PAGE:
I’ve had a little bit of a theme season (one might say) these past few weeks, so I’ve been waiting for those films to appear in a single entry; plus there are other films watched in between, making the list even longer.

So, what was the theme? Well, being the dedicated student that I am, I’ve watched all the suggested viewing for a seminar in which my group had to pose the questions. The seminar was on “Urban Rhythms”… but in film-viewing terms that translates to four Scorseses, four Woody Allens, and an anthology featuring shorts by both of them and Francis Ford Coppola (plus a fifth Scorsese that wasn’t on the list but was on TV). Such respectable viewing!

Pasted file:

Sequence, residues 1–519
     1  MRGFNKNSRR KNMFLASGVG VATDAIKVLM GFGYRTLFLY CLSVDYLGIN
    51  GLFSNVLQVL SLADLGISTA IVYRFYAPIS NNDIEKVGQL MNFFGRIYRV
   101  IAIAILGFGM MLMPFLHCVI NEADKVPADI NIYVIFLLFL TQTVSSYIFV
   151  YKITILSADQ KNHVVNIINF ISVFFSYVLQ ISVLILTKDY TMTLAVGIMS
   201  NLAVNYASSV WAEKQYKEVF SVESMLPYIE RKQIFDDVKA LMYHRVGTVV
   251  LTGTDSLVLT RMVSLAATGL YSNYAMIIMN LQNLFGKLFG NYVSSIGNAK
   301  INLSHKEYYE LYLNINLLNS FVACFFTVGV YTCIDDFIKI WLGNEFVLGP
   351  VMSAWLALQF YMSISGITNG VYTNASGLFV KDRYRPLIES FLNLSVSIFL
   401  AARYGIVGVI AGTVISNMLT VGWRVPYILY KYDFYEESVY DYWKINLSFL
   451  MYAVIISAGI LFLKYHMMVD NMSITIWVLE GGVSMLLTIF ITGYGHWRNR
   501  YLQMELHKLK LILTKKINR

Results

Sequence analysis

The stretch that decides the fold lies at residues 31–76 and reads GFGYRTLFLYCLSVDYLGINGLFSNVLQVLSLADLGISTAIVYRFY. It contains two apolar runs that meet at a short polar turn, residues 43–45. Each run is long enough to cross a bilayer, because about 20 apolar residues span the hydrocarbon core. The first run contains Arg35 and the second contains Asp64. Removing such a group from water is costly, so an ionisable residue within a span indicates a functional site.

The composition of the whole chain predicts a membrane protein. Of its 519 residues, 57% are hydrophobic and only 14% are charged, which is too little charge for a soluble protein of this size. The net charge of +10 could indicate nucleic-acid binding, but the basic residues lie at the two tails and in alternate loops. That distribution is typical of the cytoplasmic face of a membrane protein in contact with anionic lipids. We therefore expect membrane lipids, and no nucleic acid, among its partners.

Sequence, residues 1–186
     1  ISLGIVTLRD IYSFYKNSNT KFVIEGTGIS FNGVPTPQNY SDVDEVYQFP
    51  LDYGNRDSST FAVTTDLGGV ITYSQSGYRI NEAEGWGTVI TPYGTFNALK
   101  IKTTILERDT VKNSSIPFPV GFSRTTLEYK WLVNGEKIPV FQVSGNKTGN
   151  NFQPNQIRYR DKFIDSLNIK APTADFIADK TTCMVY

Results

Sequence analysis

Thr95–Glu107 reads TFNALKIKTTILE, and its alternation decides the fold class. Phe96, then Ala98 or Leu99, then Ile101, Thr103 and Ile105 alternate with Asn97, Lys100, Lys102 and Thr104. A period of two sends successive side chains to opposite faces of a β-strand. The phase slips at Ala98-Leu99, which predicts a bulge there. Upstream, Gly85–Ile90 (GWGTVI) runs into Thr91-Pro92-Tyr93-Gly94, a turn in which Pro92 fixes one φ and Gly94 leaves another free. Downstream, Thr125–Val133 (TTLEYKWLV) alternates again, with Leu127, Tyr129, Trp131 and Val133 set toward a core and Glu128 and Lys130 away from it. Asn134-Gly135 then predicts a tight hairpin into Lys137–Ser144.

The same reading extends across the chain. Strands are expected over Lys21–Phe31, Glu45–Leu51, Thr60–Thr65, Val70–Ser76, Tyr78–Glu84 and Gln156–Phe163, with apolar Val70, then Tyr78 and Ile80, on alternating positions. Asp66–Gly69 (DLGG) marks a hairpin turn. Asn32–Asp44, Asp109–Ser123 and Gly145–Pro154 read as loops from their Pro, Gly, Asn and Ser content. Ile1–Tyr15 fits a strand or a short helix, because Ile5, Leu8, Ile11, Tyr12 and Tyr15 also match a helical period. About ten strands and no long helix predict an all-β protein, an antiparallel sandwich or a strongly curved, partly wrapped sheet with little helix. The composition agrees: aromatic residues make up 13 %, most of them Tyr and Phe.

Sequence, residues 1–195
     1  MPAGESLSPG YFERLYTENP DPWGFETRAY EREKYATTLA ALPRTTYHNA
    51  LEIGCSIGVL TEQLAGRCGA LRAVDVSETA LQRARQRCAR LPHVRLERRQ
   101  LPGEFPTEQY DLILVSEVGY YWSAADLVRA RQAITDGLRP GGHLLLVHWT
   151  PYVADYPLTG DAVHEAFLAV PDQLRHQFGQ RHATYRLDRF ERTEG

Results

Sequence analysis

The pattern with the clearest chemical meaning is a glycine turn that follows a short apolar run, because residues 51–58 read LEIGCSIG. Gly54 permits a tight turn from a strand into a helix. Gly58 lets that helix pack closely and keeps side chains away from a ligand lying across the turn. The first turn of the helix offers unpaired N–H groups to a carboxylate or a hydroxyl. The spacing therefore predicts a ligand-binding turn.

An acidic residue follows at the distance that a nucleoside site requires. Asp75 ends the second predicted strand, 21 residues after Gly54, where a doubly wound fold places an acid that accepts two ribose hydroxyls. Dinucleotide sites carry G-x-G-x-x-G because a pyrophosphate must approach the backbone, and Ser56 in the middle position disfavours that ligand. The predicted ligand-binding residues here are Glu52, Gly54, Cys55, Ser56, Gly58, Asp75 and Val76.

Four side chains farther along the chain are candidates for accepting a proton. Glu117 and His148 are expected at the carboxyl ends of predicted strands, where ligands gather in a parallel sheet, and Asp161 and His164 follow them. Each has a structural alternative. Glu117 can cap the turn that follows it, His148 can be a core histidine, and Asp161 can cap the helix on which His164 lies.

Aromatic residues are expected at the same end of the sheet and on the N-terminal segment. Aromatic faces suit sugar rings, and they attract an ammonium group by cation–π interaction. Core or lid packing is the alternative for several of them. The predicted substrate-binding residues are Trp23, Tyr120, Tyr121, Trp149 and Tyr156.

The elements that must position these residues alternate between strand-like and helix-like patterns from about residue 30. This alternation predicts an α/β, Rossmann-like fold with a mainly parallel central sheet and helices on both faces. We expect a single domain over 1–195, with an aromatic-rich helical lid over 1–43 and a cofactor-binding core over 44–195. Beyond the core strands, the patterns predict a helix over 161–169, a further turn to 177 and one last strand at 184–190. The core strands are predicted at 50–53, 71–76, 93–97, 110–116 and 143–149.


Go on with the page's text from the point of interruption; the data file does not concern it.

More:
Throw in another four films and this is the most film-packed entry since the seven-week, fifteen-film behemoth that was the first entry! And it makes it to only one film less in under half the time. Well blimey. Best get on with it then…


#113 On the Town

#114 Bringing Out the Dead

#115 Annie Hall

#116 Wild at Heart

#117 New York Stories

#118 Play Time

#119 Manhattan

#120 Hellboy: Director’s Cut

#121 The King of Comedy

#122 Taxi Driver

#123 Goodfellas

#124 Manhattan Murder Mystery

#125 Bullets Over Broadway

#126 Mean Streets